Huh. Now I feel like  a massive curmudgeon. Like, “I don’t do finger food or appetizers. Bah humbug.” But I don’t really like many finger foods. Just watch. Like I rebelled against my mother by being able to make just about any kind of soup imaginable, my daughter will rebel and become Captain Appetizer or something. Being honest, I wouldn’t put it past her to have her own cooking show devoted entirely to appetizers. I can see it. I really can. After all, the girl hates soup.

Let’s Have Dessert First!

In the spirit of the season, we’re posting dessert first on the 12 Days of Christmas Blog Hop. But first, here’s a tidbit from Heather Miles!

Oh, and don’t forget to check out the rafflecopter to win those fabulous prizes!



Heather miles

My web address for my blog is:

Facebook: Heather Miles
Twitter: Heather Miles (@heathermmiles) | Twitter

Heat level 8

Kasey Blakely doesn’t know that her date is anything more than incredibly hot. It’s after things have moved past friendship, that she learns her new lover is also slated to be her partner in a corporate merger. He knew it all along withholding his identity to have her.

Self-assured, future CEO, Kasey Blakely stumbles into Joshua Crawford, leaving her breathless and momentarily senseless. Taken with her, he learns she’s more than just a beautiful woman, she’s slated to be his partner in a corporate merger. Never feeling as smitten or intrigued, he’ll do anything to have her, including, not revealing his last name. After a passionate exchange and the prospect he could lose her, does he come clean with his identity. Always confident, Kasey, struggles with her growing love for a man who has claimed her heart and changed her world, but should be forbidden. She’s all in…then all out. Despite the warnings not to mix business with pleasure, Kasey and Joshua risk it all. Committing to return to California with Joshua, Kasey’s world unravels. Were her fears right, or can they manage the MERGER of their hearts and their future partnership?

Find it on Amazon! 


And now, for my posting on dessert…

Ah, dessert, elusive dessert. Dessert has always been the bane of my existence. Mostly because I love it so, so much. I love baked goods, but I never really made them. Let’s just say that I learned to cook at a young age as a survival skill,  but baking seemed beyond me (probably because, like Lemony Snicket, there was a series of unfortunate (baking) events. Though these incidents did fuel my love of firefighters. They’d all show up in their turnouts, and I would hide somewhere with a good view while someone explained about the rolls. Or the bread. Or the popcorn. Or how the back wall of the kitchen just happened to catch on fire. Twice. And I swear, by all that it good, that I wasn’t the one doing this. I have my own baking mishaps, but the fire department never came to those).

In any case, I was a box cake, buy it at the store, kind of girl.

And then I became allergic to eggs. My first baking episode post diagnosis looked like this:

My super awesome disaster

Yes, that is an actual picture of a real cake I sort of made. I keep it because it’s both funny AND sad, which always makes for a great story. Apparently, without eggs (and using a baking soda egg replacer), a box cake will turn into, at the slightest touch, chocolate dust. This was five years ago, for my son’s second birthday. And yes, I squished it together with a mixture of willpower, upper air strength, and frosting. It held together long enough to take this picture, sing Happy Birthday, and look at it sideways. And then, it was frosting-covered chocolate dust.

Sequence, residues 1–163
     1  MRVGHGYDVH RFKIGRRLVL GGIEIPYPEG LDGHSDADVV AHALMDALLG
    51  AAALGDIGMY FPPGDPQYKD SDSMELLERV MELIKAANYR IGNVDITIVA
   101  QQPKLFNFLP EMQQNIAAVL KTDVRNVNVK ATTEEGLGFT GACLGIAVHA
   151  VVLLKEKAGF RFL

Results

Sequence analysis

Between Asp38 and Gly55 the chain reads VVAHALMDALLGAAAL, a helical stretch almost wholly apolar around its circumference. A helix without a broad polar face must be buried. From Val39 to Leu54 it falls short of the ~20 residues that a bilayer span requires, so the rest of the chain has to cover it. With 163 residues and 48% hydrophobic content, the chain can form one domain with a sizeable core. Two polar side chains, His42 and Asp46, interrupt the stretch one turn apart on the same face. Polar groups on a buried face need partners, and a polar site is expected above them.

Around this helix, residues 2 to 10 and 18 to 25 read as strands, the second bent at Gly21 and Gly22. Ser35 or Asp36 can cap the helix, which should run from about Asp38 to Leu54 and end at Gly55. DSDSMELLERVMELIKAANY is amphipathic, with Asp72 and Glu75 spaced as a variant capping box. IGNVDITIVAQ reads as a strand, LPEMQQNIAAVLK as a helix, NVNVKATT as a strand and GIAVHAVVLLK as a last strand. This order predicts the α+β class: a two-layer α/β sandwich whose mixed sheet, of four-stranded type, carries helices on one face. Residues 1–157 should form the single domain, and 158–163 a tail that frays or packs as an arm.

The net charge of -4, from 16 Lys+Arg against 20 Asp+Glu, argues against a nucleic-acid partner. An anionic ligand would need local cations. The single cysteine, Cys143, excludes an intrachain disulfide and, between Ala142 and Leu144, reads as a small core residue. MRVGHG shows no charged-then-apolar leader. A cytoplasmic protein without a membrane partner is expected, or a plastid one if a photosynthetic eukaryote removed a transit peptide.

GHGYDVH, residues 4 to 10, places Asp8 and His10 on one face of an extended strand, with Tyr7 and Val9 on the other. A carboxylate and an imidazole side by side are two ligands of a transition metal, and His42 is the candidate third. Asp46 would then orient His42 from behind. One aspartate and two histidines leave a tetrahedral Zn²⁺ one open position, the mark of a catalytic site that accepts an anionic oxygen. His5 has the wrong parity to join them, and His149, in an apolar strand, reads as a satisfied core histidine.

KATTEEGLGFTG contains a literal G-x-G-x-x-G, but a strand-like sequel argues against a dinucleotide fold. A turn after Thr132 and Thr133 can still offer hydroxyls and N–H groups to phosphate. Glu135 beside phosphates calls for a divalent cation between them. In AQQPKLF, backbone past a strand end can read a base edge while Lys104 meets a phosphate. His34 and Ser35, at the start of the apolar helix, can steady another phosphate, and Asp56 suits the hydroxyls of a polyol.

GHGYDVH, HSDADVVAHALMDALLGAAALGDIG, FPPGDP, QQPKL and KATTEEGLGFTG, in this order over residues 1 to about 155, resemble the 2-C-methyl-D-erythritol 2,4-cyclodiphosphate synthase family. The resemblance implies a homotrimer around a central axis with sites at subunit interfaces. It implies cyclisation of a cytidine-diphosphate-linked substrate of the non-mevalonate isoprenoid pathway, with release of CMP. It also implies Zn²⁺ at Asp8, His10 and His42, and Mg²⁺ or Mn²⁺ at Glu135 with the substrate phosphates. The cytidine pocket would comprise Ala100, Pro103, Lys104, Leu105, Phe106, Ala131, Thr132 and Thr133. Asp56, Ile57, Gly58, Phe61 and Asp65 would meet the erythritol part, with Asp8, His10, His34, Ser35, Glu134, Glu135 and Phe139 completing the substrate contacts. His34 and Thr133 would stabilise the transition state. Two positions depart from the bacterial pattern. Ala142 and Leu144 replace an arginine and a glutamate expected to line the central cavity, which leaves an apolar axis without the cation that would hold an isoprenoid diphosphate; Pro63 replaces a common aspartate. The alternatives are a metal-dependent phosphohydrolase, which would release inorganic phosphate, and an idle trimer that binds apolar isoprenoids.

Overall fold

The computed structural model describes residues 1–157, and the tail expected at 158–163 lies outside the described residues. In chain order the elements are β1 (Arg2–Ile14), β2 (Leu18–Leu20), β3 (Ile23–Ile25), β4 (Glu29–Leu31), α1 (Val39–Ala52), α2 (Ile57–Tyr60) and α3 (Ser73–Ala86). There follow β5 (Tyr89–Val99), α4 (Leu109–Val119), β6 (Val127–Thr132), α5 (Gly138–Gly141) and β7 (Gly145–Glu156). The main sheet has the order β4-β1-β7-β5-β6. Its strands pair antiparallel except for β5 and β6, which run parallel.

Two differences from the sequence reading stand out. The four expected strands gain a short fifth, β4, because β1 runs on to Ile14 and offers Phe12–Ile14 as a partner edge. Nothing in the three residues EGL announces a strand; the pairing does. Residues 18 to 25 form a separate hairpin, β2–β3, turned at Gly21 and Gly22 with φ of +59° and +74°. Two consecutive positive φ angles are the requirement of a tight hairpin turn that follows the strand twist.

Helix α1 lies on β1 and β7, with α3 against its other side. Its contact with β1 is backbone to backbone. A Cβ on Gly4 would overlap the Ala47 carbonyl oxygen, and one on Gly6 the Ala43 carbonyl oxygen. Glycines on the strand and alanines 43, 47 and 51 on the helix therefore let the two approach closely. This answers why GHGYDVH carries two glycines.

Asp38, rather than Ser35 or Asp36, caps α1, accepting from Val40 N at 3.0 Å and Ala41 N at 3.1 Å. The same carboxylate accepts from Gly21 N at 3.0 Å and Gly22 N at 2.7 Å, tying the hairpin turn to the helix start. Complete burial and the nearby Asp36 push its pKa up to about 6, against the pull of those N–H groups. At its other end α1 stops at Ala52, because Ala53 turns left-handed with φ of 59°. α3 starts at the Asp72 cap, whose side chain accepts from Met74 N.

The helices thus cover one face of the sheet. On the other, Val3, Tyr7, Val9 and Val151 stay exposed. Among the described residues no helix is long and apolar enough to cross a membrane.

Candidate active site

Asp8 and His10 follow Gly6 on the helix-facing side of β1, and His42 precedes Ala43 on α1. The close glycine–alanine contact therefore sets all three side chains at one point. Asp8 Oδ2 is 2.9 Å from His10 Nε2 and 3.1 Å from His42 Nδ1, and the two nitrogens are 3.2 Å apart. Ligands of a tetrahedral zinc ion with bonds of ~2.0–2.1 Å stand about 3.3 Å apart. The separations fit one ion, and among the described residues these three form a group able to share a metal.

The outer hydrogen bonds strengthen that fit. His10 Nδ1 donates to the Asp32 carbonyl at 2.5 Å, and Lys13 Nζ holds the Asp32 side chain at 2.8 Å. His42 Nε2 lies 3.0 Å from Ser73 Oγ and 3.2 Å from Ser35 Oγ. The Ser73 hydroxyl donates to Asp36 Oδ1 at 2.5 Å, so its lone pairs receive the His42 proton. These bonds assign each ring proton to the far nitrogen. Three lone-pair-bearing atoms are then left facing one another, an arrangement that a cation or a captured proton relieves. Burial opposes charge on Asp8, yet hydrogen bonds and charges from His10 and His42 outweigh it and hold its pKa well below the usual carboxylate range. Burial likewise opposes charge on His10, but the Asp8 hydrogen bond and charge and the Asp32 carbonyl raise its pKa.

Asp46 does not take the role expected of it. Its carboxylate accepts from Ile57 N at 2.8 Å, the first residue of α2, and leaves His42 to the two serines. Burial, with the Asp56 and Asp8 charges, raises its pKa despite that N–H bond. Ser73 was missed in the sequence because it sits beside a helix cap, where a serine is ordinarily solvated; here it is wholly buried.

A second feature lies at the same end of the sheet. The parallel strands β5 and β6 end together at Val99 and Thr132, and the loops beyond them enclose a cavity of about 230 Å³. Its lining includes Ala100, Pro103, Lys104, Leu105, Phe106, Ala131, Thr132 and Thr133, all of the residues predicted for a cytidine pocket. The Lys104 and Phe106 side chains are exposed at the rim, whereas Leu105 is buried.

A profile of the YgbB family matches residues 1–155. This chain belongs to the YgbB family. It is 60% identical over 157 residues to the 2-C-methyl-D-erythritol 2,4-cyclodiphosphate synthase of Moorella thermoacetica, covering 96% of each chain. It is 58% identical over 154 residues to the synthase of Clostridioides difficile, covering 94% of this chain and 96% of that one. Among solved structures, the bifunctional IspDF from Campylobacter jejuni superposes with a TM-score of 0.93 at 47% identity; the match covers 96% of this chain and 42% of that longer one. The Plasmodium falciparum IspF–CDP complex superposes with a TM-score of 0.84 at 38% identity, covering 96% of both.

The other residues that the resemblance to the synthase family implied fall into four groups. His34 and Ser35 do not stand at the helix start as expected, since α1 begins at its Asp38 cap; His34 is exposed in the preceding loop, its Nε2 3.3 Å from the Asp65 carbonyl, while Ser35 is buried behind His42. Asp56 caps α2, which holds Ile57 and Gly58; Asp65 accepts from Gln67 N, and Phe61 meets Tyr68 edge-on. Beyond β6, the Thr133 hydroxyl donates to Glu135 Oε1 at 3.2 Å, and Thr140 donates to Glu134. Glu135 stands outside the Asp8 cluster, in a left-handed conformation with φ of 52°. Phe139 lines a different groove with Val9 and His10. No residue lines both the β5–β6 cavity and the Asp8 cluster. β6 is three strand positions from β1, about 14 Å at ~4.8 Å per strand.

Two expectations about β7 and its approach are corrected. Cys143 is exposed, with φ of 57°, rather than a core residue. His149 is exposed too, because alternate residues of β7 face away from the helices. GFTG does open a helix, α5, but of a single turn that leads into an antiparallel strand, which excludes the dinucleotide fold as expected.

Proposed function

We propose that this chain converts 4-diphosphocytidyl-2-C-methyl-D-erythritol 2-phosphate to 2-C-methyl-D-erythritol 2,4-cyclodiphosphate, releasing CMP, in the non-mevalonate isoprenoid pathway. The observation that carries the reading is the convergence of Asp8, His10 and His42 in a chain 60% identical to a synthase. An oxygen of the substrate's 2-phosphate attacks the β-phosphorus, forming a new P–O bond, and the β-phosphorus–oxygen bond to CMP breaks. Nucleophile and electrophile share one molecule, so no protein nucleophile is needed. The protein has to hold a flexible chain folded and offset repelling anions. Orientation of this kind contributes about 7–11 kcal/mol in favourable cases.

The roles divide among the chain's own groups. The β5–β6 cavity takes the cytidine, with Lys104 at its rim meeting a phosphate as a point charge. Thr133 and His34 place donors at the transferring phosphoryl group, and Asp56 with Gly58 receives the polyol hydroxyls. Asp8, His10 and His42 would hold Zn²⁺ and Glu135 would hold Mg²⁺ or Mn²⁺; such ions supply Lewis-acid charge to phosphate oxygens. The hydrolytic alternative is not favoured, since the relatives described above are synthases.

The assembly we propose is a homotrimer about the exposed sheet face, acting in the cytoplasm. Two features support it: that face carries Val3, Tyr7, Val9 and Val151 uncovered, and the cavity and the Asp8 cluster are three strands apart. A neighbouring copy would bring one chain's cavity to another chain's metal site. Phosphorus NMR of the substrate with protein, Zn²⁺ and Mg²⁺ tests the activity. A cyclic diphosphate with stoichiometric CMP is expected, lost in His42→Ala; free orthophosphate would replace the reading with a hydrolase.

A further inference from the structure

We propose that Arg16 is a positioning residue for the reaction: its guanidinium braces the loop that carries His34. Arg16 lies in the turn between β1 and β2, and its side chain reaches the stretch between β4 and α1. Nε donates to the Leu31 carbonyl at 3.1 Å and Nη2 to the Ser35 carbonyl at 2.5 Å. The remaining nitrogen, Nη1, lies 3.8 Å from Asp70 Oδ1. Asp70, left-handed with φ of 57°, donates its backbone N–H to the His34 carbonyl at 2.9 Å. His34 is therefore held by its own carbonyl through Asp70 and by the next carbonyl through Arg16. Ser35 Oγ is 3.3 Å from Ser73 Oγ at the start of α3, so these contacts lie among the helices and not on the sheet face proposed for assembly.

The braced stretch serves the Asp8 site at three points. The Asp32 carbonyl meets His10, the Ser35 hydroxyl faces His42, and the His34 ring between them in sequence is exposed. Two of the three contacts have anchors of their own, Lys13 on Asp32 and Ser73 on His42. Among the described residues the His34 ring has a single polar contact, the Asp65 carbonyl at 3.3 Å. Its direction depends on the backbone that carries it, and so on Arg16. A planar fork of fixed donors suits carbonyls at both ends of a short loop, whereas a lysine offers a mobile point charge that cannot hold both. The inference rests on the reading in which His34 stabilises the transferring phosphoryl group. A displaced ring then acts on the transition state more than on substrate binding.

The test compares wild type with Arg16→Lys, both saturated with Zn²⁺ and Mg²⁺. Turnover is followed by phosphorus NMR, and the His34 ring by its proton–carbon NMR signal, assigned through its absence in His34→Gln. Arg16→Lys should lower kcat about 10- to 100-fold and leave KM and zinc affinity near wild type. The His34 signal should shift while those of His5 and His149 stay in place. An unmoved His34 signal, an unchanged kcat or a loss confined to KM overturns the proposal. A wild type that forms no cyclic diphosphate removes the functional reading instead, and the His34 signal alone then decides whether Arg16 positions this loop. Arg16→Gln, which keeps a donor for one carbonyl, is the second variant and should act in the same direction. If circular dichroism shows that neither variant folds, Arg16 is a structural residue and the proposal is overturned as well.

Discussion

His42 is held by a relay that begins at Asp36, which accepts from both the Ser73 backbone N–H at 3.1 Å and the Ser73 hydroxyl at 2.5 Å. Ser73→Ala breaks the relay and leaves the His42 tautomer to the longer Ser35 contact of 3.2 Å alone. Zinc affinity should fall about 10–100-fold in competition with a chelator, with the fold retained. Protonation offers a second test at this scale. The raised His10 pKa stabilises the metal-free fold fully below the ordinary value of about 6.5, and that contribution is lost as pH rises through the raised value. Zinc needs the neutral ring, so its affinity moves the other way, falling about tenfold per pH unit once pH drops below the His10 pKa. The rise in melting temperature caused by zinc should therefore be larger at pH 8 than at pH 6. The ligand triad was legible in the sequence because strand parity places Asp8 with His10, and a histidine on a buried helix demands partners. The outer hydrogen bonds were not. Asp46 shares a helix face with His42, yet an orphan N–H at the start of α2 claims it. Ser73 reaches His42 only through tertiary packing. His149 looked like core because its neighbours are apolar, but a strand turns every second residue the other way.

It was horrible (tasted OK, as I recall, but it wasn’t pretty. Boy child didn’t seem to care, but then, he’s boy child. He’s not picky, unless it’s green).

In any case, shortly thereafter, I discovered that I also have celiac disease, so welcome to a wheat-free lifestyle. At the time, I thought I’d never eat dessert again. It was depressing.

I discovered, after a while, and reading many, many blogs, that I can bake. It’s just a matter of being creative. And using pumpkin. I’m an expert on using pumpkin these days.

So,  here is my recipe (and yes, it’s pumpkin.). It’s an adapted version of one that I found in Sunset magazine. The original is a two layer cake, but it was too much, and everyone felt over-full and sugar comaed (yes, I just made up a word) afterward.

Gluten free praline pumpkin cake

1/2 c firmly packed brown sugar

1/4 c butter

3 tbsp plus 3/4 c whipping cream

1 c chopped pecans (this I kept, because, well, pecans are fabulous)

2 flax eggs (to make a flax egg, combine 1 tbsp flax with 2 tbsp water. Normally, recipes call for three, but I find that with pumpkin recipes, it needs to be thicker, or you’ll never get it cooked through)

1 c granulated sugar (because this cake is so stinking sweet)

1/2 c vegetable oil

1 c canned pumpkin

1/2 tsp vanilla

1 c flour (I had a mixture of 1/2 c gluten free all purpose baking mix, and  1/2 c sorghum flour. The all purpose tends to be made with garbanzo bean flour, which in baked goods isn’t awesome unless you really overdo the sugar. Sorghum is sweet and delicious, but doesn’t rise very well without some complicated mixture involving arrowroot and tapioca and xanthan gum–all of which I have, and have made before, but it’s complicated, and I didn’t want to have to think too hard on Thanksgiving. So here you go)

1 tsp baking powder

1 tsp pumpkin pie spice (or you can make your own with ground cinnamon, ginger and nutmeg. Which I did this year because I ran out on THANKSGIVING DAY, but I added ground cloves because I like cloves. If you don’t, just leave it out).